Pressure inside capped oil well in Gulf of Mexico continues slow climb


With pressure inside the Macondo well continuing a slow climb Tuesday, the federal government authorized another 24-hour monitoring period of the capped well to search for signs of well damage beneath the sea floor.

Meanwhile, BP and government officials are weighing whether to try to stop the flow of oil inside the Gulf of Mexico well by pumping it with mud before the relief well is complete next month. The company could seek approval for its “static kill” this week, BP Vice President Kent Wells said.

Pressure inside the well had climbed to 6,834 pounds per square inch, or psi, Tuesday afternoon, Wells said. Pressure was rising one to two psi per hour. The blown-out well has been undergoing an integrity test since it was capped Thursday to determine whether it is intact or whether there are ruptures somewhere beneath the sea floor through which oil can escape.

“Minor leaks” have been discovered both on the capping stack and blowout preventer used to shut in the well, as well as almost two miles away at another production site, Allen said.

“We don’t consider them consequential,” Allen said.

The government last week asked for increased surveillance at the spill site to detect any signs of oil escaping. Allen said he is satisfied with BP’s response so far and comfortable with extending the well integrity test.

“We continue to be pleased with the progress of response to anomalies,” Allen said.

Scientists studying the well’s pressure are still trying to determine whether the lower-than-anticipated pressure readings are the result of leaks somewhere in the wellbore or a depletion of the well.

“At this point we do not have anomalies that say we don’t have integrity,” Wells said. “As each day goes along it gives us confidence.”

At the same time, however, pressure has not risen enough to suggest with absolute certainty that the well is completely intact, or that it does have integrity.

“We have not reached a consensus on how we would determine our total assurance that there was integrity in the well,” Allen said. “That revolves around the competing theories for depletion and leakage.”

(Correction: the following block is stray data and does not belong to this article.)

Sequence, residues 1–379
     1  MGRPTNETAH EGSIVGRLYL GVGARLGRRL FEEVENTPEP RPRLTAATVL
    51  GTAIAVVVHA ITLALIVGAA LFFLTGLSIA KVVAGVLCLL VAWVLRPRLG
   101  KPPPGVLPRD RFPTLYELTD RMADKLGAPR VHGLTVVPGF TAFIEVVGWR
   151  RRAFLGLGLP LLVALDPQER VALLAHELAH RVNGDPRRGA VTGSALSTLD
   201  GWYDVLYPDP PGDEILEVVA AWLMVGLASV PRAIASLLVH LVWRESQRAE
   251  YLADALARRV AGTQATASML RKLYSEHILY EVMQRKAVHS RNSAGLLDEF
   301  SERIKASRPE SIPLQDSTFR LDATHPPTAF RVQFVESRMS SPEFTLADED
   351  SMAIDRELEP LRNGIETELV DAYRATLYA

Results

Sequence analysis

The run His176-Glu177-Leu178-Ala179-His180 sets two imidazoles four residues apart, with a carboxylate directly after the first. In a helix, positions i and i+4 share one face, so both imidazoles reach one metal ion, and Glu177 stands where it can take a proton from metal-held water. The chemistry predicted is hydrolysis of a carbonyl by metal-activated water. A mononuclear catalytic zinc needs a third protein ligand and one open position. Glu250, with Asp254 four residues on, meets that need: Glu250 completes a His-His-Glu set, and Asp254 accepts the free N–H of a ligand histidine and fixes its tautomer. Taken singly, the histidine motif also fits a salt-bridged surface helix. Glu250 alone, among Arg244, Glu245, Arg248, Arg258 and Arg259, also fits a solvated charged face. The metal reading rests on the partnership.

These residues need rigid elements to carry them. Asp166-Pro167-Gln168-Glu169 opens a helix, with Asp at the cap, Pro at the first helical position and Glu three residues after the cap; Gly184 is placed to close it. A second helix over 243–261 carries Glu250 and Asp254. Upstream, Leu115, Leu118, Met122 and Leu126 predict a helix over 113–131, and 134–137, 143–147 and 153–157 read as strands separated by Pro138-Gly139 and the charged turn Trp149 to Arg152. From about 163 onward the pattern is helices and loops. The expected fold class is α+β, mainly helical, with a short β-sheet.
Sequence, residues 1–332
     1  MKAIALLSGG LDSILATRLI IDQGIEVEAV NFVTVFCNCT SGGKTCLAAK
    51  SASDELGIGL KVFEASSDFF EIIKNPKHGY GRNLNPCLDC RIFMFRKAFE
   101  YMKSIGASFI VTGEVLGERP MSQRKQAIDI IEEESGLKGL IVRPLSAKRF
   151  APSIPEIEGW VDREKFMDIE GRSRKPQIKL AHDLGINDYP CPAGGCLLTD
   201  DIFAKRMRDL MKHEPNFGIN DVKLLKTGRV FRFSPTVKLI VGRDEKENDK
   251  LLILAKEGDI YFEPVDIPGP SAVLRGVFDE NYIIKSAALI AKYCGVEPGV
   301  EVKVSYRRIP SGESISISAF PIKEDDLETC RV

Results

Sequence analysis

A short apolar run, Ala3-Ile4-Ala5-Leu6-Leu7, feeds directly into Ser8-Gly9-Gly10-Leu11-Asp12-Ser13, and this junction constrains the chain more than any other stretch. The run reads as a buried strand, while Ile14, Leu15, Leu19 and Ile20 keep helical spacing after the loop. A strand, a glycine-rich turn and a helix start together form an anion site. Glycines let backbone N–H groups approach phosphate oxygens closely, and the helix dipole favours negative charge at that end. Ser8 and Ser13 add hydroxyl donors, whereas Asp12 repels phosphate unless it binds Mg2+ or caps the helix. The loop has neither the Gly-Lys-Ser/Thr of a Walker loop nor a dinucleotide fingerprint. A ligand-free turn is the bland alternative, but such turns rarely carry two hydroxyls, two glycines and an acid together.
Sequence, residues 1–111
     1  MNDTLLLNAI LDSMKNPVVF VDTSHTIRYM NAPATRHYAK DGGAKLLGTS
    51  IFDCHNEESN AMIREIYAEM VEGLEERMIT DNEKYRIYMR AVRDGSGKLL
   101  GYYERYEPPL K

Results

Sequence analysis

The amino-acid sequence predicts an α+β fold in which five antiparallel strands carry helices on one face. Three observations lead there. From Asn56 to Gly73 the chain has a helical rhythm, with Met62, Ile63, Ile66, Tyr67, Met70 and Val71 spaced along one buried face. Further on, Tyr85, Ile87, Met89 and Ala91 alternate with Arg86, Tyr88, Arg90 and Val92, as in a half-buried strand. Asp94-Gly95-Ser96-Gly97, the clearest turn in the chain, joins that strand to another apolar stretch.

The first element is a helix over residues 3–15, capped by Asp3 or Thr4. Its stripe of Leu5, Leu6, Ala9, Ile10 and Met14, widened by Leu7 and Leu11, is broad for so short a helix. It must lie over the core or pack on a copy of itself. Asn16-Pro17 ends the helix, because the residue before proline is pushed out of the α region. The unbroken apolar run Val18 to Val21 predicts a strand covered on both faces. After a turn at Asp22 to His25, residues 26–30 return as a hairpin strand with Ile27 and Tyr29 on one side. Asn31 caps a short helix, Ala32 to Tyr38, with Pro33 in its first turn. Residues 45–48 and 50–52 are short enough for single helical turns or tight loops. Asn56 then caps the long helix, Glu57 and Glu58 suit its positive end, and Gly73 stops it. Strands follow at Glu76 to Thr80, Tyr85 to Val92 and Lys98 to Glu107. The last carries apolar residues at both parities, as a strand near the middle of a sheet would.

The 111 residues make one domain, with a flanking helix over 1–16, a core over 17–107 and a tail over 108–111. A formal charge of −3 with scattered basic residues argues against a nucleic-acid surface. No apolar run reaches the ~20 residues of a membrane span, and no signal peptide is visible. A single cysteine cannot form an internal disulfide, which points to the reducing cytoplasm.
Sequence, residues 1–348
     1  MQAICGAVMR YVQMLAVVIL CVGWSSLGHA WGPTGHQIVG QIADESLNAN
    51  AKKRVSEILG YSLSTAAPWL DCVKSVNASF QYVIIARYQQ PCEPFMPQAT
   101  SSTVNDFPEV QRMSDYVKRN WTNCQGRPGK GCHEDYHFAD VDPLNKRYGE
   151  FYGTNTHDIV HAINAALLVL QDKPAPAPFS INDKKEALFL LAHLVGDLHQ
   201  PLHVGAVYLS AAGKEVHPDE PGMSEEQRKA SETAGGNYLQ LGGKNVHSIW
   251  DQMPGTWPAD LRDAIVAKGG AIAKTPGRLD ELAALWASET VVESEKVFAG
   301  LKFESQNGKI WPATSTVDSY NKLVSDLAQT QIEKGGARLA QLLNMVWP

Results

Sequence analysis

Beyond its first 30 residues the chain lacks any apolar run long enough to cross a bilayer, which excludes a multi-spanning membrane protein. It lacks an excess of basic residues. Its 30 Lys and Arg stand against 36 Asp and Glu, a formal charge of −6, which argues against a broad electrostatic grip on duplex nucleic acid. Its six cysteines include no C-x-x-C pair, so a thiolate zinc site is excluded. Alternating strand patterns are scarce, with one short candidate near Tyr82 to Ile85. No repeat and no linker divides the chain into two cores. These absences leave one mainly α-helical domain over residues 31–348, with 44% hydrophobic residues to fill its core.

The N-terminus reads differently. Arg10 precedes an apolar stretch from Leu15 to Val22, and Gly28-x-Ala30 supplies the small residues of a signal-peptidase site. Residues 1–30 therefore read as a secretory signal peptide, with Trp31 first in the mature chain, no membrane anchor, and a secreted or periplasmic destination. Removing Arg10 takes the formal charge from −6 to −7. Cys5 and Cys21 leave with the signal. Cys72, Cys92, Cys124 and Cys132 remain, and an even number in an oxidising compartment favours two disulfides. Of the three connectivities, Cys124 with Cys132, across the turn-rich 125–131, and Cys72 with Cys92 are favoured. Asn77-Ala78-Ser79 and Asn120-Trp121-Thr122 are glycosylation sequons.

In the meantime, BP is researching a method of stopping oil flow by pumping mud into the top of the well. Unlike in the failed “top kill” attempt mud would be pumped a low pressure and rates of speed. Higher levels would be unnecessary because the well is now capped, meaning the mud would likely stay inside the well. Just like in top kill, the idea would be for the heavy mud to slowly overcome the oil flow.

“No decisions have been made yet on proceeding forward with that,” Wells said. “But we are continuing with preparation and planning.”

The procedure would need Allen’s approval.

It could be 24 to 48 hours before a decision is made on whether to attempt the static kill, Wells said.

The procedure would not be started until well casing had been installed inside the relief well. BP crews are putting the casing in place today and Thursday, Wells said. The company wants the casing in place to minimize the risk of damage to the relief well when mud begins flowing.

Also before the static kill could begin, the Q4000 platform, which had been used to pump mud during the failed “top kill” and was retrofitted to suck oil, would have to be changed back into a mud pumper, Wells said.

Even if the static kill is conducted, the relief well would still be used to plug the blown-out well with mud and cement. A relief well is considered the ultimate solution for stopping the oil flow.

BP plans to intercept the Macondo well with a relief well at the end of this month. Wells said Tuesday that the relief well is “exactly where we want it.”

Plugging the well mud and cement could take a number of days or a few weeks, depending on where oil is flowing inside the well.

The static kill could speed up that process by stanching the flow before the relief well is completed, Wells said.

“Working in tandem, these can have an ability to have the well completely killed in less time and it could also reduce the execution risk of it,” Wells said. “It’s clearly worth the analysis of it.”

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Stuart H. Smith is an attorney based in New Orleans fighting major oil companies and other polluters.
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